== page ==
He whips his heads around and locks all three pairs of eyes on me and each head snarls, lips curling back over rows of dangerous teeth and spittle dripping to the floor. He takes a few paces towards me, clearly having selected his target.
“Don’t you remember me?” I say to him, trying to present less of a threat.
He tilts his heads and the snarling stops. Maybe he does?
He launches off those back legs and hurtles through the air at me, clawed front paws held out and the snarling face has returned. I throw myself to the side but one of his claws tears through the meat of my upper arm and all the way up to my shoulder. It spins me to the floor like a rag doll, blood pouring from the claw wound. He continues through the leap and tumbles across the smooth floor, before he regains his footing and surveys the damage he’s done.
He does not remember me. I was wrong.
I struggle to my feet and look at the torn flesh and the pumping blood, it’s not good. I think I can see bone but I don’t have time for that.
He growls and sniffs the air, tongues flicking out to taste the blood on it.
“Come on, don’t you remember me?” I yell it. He leaps again, this time I bring up the chain and slide underneath him. It wraps around his neck and tosses him over my head and onto his back with a trio of pained yelps.
He is quickly back up on those paws and looking at me angrily, growling low in his throat and eyeing the chain warily. He doesn’t remember me, he won’t remember me like this. I hear the music from the next room and I swear I can hear Dionysus cheering and shouting above all that distant thumping noise.
He’s run away like a scared little rabbit.
I drop the chain and it coils onto itself on the floor. Cerberus watches carefully, fearing a trap. He was always too smart for his own good. Full of energy too.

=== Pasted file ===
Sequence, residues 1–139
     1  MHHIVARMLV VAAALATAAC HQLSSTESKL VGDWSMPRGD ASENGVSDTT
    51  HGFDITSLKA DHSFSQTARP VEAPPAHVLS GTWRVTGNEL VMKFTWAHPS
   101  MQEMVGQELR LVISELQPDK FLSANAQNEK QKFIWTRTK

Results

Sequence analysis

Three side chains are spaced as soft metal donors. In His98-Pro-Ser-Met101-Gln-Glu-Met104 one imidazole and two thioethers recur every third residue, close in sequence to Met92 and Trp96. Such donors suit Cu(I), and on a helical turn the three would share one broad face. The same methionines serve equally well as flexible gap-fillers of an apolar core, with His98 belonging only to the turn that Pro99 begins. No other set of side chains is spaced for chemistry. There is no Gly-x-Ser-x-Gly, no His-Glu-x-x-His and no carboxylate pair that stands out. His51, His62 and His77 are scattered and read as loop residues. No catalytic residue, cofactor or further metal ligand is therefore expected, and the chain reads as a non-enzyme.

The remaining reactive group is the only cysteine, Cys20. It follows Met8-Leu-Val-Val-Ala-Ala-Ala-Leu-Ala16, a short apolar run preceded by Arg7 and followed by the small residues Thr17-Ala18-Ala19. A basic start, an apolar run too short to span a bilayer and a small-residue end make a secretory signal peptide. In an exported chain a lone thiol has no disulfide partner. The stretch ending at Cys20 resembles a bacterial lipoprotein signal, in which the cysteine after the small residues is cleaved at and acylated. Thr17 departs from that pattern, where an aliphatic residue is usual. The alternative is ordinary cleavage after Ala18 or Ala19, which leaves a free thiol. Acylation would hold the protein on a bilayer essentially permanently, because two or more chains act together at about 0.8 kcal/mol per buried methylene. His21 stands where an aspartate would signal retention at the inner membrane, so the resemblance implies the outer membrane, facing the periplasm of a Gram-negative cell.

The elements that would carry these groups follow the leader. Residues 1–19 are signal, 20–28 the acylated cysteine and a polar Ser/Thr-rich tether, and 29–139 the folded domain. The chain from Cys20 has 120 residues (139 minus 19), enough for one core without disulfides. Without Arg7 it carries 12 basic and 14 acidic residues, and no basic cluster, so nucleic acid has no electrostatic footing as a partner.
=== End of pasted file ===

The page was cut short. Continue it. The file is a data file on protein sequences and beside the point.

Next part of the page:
We had a difficult time finding a way to burn that energy.
I kneel and ignore the shouts of the others, holding up a hand to stop them from intervening. I can see Artemis with an arrow drawn, waiting to release. She’s fast but Cerberus is faster. Maybe it’s the blood loss but this will work, it has to work. Cerberus deserves a second life. If we are released from our prison he should be too.
“Sit,” I shout as firmly as I can manage, and even that is shaky. Those damn claws did a number on me. Things are getting hazy. He tilts his heads again and continues coming forward, slowly plodding on those paws. His lips curl back slowly and he readies to snap those three jaws on my body.
So, I do the thing.
I concentrate all the power I have left into my hands and form the fire into a shape. It’s got four legs and it nervously flits its head from side to side, long ears pressed back along it’s body.
We used to play a game.
He stops moving towards me. Watching the fire merge and move through the shape of the animal. His favourite animal to chase through the forests, or it had been. It had been our game.
“Cerberus…sit!” I stand and shout it, this time it’s loud and firm. His eyes bore into mine and those teeth are bared, that spit is dripping to the floor and his haunches are tense to pounce on me.